SOIs: the Good, the Bad, and the Ugly

Three bandits enter a town in a scene from "Vado... l'ammazzo e torno" (1967)

by Isabelle Drewelow, Department of Modern Languages and Classics

Thinking about SOIs inevitably brings to mind the title The Good, the Bad and the Ugly. Some comments are quite constructive and useful, prompting a self-reflection on learning tasks and in some cases a complete redesign of a task. For me these comments are great, helping me grow as a teacher and making the course better. Other comments are puzzling to the point where I sometimes wonder if we were in the same class, especially references to topics we simply did not cover. And then there are the completely useless comments about my hair or choice of dress.

To me what is missing from this type of evaluation is a reflection on the learning experience itself. What was interesting and what was not (and why)? Was there a sense of accomplishment? Of development? How did they solve potential challenges? Did I provide the tool to help them? This kind of reflective questions can help the teacher refine tasks or address issues, not only for a specific course but perhaps in other courses as well. In addition, these questions make the evaluation less teacher-centered and more student-centered. Examining their learning experience in that manner can help students focus on what comes next and consider how what they have learned in this class can be applied or useful to future academic and professional endeavors.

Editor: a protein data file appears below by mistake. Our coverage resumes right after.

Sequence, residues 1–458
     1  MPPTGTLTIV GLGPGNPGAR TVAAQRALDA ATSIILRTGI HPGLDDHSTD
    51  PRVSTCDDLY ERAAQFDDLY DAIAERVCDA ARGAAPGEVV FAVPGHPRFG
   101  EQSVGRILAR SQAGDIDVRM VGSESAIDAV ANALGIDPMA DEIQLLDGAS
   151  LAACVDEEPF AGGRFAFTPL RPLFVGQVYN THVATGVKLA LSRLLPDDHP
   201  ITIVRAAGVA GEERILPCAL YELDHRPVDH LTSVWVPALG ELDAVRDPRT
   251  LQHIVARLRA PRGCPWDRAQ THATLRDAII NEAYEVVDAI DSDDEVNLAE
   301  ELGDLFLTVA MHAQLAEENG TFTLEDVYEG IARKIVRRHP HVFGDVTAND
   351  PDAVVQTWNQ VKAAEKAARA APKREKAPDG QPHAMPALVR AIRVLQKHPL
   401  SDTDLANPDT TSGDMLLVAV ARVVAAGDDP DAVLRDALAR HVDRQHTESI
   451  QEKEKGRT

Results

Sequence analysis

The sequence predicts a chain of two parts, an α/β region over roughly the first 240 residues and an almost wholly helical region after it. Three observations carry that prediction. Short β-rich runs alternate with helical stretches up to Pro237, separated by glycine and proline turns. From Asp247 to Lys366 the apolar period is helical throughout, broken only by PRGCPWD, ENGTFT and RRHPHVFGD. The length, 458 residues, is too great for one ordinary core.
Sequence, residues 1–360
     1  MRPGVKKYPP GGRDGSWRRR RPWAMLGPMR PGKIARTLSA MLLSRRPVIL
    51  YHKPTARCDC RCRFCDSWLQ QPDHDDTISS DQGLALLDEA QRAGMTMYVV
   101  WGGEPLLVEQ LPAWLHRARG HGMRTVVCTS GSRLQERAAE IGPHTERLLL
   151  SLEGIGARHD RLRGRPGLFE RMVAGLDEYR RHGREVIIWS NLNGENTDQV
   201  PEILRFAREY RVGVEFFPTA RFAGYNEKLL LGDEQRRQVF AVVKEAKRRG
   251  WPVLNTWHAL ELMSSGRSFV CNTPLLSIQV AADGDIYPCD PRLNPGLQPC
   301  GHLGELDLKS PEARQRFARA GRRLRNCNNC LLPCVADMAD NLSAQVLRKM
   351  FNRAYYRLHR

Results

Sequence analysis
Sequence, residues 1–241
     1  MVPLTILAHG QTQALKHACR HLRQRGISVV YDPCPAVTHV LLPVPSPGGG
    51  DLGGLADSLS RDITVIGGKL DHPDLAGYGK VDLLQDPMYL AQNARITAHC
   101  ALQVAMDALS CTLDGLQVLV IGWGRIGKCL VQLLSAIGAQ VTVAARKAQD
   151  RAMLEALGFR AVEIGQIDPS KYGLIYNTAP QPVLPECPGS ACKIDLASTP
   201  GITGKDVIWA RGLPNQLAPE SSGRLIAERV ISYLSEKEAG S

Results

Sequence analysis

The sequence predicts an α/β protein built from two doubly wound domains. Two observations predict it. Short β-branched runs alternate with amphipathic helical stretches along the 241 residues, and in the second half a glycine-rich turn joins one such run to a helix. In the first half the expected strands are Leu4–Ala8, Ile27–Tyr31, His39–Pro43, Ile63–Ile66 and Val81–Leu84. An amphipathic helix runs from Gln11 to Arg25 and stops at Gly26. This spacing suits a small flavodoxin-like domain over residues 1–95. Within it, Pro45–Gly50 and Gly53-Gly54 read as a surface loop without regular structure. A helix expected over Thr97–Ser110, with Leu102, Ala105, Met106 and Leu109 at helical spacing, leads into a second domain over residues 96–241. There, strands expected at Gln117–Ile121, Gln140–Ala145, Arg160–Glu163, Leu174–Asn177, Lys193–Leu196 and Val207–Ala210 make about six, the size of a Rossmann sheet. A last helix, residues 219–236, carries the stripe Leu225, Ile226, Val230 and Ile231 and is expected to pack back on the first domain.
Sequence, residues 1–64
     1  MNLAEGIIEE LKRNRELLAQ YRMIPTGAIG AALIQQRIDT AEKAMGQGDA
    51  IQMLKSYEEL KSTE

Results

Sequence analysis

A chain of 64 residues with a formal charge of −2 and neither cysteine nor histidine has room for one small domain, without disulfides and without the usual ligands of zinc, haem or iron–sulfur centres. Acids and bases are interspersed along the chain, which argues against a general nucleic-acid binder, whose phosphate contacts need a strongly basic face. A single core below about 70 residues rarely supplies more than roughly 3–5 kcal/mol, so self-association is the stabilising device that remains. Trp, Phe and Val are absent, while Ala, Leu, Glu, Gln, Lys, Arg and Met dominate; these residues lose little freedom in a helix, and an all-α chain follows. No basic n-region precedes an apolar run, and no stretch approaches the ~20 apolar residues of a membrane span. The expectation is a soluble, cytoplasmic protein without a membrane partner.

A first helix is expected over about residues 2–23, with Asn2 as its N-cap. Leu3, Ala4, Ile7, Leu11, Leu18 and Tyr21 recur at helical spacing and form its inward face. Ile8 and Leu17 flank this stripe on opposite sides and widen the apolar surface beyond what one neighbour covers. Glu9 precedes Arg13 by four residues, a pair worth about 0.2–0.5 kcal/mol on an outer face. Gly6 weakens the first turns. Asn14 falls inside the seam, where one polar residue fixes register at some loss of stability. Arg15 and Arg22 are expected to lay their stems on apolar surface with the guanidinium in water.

How can this type of reflection be integrated within a course? One possibility is to have students write a reflection narrative at the end of the semester (the last component they hand in) and make it part of the final grade. The objective of the paper is to help them organize their thoughts on what they have learned this semester in order to gain more from their course. Students can use the paper to focus on parts of the course they found interesting or challenging culturally, intellectually, academically or socially, using concrete examples to illustrate their reflection.

In addition to the questions proposed above, other questions in the narrative prompt can include: How is the course different from what you expected? What did you learn about yourself in this course? What topics related to the course content are you most likely to continue exploring on your own? Why? Because it is a narrative, students may not address all the questions but rather than answering a question for the sake of answering it, the paper gives them an opportunity to explore themselves as learners.